Reviews by Saoirse Mulvihill
This year’s pandemic has taken a lot away from many people, and so seeing endeavours put into preserving some ounce of normality is as encouraging as it is heart-warming. For the past few weeks, I’ve had the opportunity to virtually attend screenings from this year’s French Film Festival with the IFI, one of these culturally-conservative efforts. Though the experience of the simulated occasion is very different from the original (the technical difficulties and lack of atmosphere to be expected), the amount of time and effort that goes into protective projects like these is not to be taken for granted. As a result, I was thoroughly grateful to partake in this one-of-a-kind film festival experience.
The Big Hit
The Big Hit (Emmanuel Courcol, 2020) was the first of six films in the IFI’S 2020 French Film Festival I attended virtually, an undeniably solid start. Although the online festival format is strange, The Big Hit has proven that the viewing experience of a formidable film will persevere even under these bizarre circumstances.
Loosely based on a true story, the film depicts the experience of five prisoners whose folly of aimlessly waiting to be released from prison inspires a dead-end actor to direct them in a production of Samuel Beckett’s En Attendant Godot. Throughout the runtime the cast are consistently dynamic, bouncing off one another in a spectacle that’s equally as convincing as it is hilarious. Unfortunately, the storyline still struggles in the same vein many other ‘d’après une histoire vraie’ films do. When trying to find the balance between a strong narrative structure whilst adapting the real events accurately, the plot occasionally feels less calculatedly-driven as it does haphazardly-dragged.
In spite of this, the story itself is nothing short of utterly captivating and poignant. One can’t help but feel the impact of these events on the inmates’ lives. Almost going against what Beckett himself seemed to believe, this mere folly of passing time in the prisoners’ absurd existences is as hopeful and meaningful as Vladimir and Estragon would’ve ever wished Godot himself to have been.
The second viewing of 2020’s virtual IFI French Film Festival was Lola (Laurent Micheli, 2019). Unfortunately, this screening weathered heavier hardship due to the online format than its predecessor. The audio was constantly falling out of sync, no amount of time would be enough for the film to buffer more than two minutes ahead and so the viewing was burdened with constant breaks, refreshing, and pausing.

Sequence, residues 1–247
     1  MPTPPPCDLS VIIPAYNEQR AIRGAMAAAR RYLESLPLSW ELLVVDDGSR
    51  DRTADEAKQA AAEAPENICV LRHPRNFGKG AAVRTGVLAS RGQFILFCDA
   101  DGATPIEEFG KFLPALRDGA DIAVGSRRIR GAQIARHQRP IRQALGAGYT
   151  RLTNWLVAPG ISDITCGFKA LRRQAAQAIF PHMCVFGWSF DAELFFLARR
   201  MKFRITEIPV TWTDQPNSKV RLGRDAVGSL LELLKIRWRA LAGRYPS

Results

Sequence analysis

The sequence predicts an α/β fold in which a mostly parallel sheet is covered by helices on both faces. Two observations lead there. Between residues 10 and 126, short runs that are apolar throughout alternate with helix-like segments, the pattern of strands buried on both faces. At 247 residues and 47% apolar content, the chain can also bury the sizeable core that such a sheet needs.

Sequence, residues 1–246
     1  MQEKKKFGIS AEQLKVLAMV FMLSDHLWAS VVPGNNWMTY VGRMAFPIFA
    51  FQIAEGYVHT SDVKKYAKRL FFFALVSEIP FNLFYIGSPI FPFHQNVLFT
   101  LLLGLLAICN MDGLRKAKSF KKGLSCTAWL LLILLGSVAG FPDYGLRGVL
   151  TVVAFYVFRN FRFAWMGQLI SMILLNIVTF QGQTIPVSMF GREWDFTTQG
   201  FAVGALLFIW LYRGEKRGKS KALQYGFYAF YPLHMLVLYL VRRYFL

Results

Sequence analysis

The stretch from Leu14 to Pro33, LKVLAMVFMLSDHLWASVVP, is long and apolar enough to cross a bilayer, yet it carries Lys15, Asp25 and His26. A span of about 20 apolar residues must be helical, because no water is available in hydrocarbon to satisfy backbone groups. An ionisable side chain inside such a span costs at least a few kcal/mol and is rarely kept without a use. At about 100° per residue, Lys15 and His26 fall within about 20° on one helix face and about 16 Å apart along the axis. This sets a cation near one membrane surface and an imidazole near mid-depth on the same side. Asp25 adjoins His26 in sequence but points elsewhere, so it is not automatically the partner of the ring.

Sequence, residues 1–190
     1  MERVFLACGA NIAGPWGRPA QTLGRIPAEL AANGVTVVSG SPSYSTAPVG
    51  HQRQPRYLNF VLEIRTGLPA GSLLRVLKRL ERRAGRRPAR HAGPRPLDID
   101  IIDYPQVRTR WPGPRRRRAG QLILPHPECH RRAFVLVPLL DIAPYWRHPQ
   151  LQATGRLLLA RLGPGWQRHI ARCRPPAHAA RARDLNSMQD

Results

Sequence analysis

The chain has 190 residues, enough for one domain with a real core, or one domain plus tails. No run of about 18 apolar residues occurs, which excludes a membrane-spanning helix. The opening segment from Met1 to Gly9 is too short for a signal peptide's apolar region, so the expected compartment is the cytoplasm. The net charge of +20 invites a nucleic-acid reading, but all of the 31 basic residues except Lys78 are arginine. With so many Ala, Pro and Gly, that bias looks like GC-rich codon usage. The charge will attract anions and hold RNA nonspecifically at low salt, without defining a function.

Although by no means a perfect film or screening, the story of young transitioning Lola (big-ups for hiring openly trans actress, Mya Bollaers) struggling to share the grief of losing her mother with her estranged father (Benoît Magimel) is delivered with such brutal honesty – not to mention respect to the subject matter- it’s almost impossible not to like. Lola is uncompromising in its sense of identity. It knew what it wanted to be, say and capture in its runtime, and this was made clear from the very first shot. Lola, both the film and protagonist, are vibrant, colourful, and troubled. The neon-grit, 80’s aesthetic achieved by the almost polaroid visuals are sure to capture the attention of its target audience, and I’m all for it.
The film may or may not resemble an hour-long indie music video, but the subtext is an incredibly important one to have in contemporary cinematic conversation – and yeah, the ending did make me cry. Deal with it.
The Woman Who Dared
This film threw me. Throughout its runtime, I was perpetually torn between loving and hating it; unable to tell whether it was an early piece of feminist art encouraging women to dare to dream, or a cautionary tale against letting women out of the kitchen.
Taking place during the German occupancy of France, The Woman Who Dared (Jean Grémillon, 1944) tells the true story of a family struggling to maintain their careful, calculated lifestyle against their adventurous aspirations at heart. In particular, we see the mother and wife (Madeleine Renaud) fighting desperately to keep her family’s passions at bay, in an effort to hold their financially and domestically secure household together.